“How far are we gonna take this, Da?”

Of course, with the quote above, Connor (Sean Patrick Flanery), in The Boondock Saints (1999), is questioning the lengths to which he, his brother, and his assassin father will go to systematically eliminate the evil pervading their sphere of influence.

Il Duce’s (Billy Connolly) answer is classic, and has made just about every relatively short list of memorable movie quotes found on the internet:  “The question is not how far. The question is, do you possess the constitution, the depth of faith, to go as far is as needed?”

One of the pressing “drastic changes” affecting our profession at present is the widespread effect of the untenable fiscal situations in which many bodies responsible for the provision of fire protection currently find themselves.  Federal, state, county, municipal, and private fire service agencies are being dropped into the crucible of number-crunching and having their budgets scrutinized by elected officials, city administrators, and $100,000-per-study consultants, with the usual finding being “we spend more than we take in.”  This is government at its finest, right?

Short of insinuating that government in general is “evil,” the question for both career and volunteer firefighters is akin to that posed by the Saints—how far are we going to take the inevitable fight against the whittling down of “our” money?  Volunteers, what happens when your department finds itself unable to come up with the match for the long-awaited FIRE Act equipment grant, because sales tax revenues in your district are down 25%?  Career guys, what are you going to do when the city administrator comes to you just before the 2010-2011 fiscal year budget meeting and says, “Look, we need your association to make some, um, ‘concessions,’ or we’ll be cutting line firefighter jobs in this budget.  Figure out what you’re willing to give us.”

I have no idea how long the present “economic downturn” is going to last, how deeply the cuts will be, and have very little to offer regarding a solution.  I don’t know whether your fire department’s budget crisis is its own making, or whether your city council has been flying to Tahiti on the taxpayer’s public safety dime.  I do know, however, that our organizations MUST be prepared to answer these questions.  We can’t do much thinking on our feet once the shooting starts at city hall or the tax office.  The labor association, the board of directors, the officers’ group, or whoever else speaks for the membership, must be in constant dialogue with the Chief or Director (or whatever is printed on the badge of the guy in charge), and the organization must be prepared to present a unified front to the city fathers (and the taxpayers) when the time comes.  And we must remember in making these decisions that our primary responsibility is to the customer, to the citizen that we protect.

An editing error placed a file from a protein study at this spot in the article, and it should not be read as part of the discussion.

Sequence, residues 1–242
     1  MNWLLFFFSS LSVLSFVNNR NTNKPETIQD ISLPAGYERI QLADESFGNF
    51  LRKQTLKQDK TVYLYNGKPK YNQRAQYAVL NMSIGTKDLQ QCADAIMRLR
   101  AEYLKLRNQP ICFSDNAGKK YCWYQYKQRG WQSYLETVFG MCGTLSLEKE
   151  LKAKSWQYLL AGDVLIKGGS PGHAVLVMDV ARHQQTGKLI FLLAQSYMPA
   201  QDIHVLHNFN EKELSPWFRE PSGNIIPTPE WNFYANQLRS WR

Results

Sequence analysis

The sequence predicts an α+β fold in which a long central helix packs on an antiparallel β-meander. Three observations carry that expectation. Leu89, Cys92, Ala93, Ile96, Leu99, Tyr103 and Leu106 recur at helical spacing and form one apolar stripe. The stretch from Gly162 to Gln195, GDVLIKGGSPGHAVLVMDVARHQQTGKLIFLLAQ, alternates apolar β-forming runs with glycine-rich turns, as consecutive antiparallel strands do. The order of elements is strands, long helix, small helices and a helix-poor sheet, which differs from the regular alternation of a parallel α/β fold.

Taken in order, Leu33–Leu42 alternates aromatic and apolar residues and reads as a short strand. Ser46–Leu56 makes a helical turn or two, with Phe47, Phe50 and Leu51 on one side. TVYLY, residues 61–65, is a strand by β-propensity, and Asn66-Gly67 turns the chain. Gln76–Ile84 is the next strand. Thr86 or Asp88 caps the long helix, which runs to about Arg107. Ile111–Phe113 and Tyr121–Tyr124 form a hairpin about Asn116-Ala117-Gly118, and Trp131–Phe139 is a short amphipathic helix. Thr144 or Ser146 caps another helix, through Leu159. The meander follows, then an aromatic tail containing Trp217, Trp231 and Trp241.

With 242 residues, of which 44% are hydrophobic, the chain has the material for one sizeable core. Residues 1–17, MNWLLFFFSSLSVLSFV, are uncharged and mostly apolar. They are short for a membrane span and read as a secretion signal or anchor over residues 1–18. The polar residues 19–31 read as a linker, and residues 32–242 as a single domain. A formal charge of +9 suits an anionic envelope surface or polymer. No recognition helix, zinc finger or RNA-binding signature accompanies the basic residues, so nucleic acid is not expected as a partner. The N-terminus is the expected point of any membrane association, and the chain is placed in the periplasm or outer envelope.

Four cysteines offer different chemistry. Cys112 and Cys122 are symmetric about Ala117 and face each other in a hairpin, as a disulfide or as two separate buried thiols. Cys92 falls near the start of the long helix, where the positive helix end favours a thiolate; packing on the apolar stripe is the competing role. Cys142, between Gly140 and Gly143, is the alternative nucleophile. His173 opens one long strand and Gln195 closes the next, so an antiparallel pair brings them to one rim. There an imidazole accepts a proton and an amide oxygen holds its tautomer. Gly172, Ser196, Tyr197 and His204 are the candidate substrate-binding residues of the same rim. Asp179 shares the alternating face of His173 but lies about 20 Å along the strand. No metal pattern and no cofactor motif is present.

I’m going to revisit this topic in the very near future, and, in keeping with our mission at NoAmbitionButOne, take aim at one of the sacred cows of the fire service.  But for now, dwell on the ideas that your organization’s fiscal Plan B must be in place, and that we must have the constitution to do what it takes to be absolutely certain that we’ve done the absolute best that we can for our members and, maybe more importantly, the folks paying for our stuff.

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One Response to “How far are we gonna take this, Da?”

  1. John says:

    Brother, I recently found your site and have enjoyed reading it. As for this post, I agree with you but feel that there is little that we can during this downturn but brace ourselves for a pounding. My FD’s income has dropped from $15M to 13M in 2 years. We have already lost 10 positions by attrition and another 7 by layoff. We offered up almost 2M in concessions and early retirements, and offered to take on EMS transport to make another $2M. Every offer has been turned away by politicians desperate to show how they are ready to break the unions.

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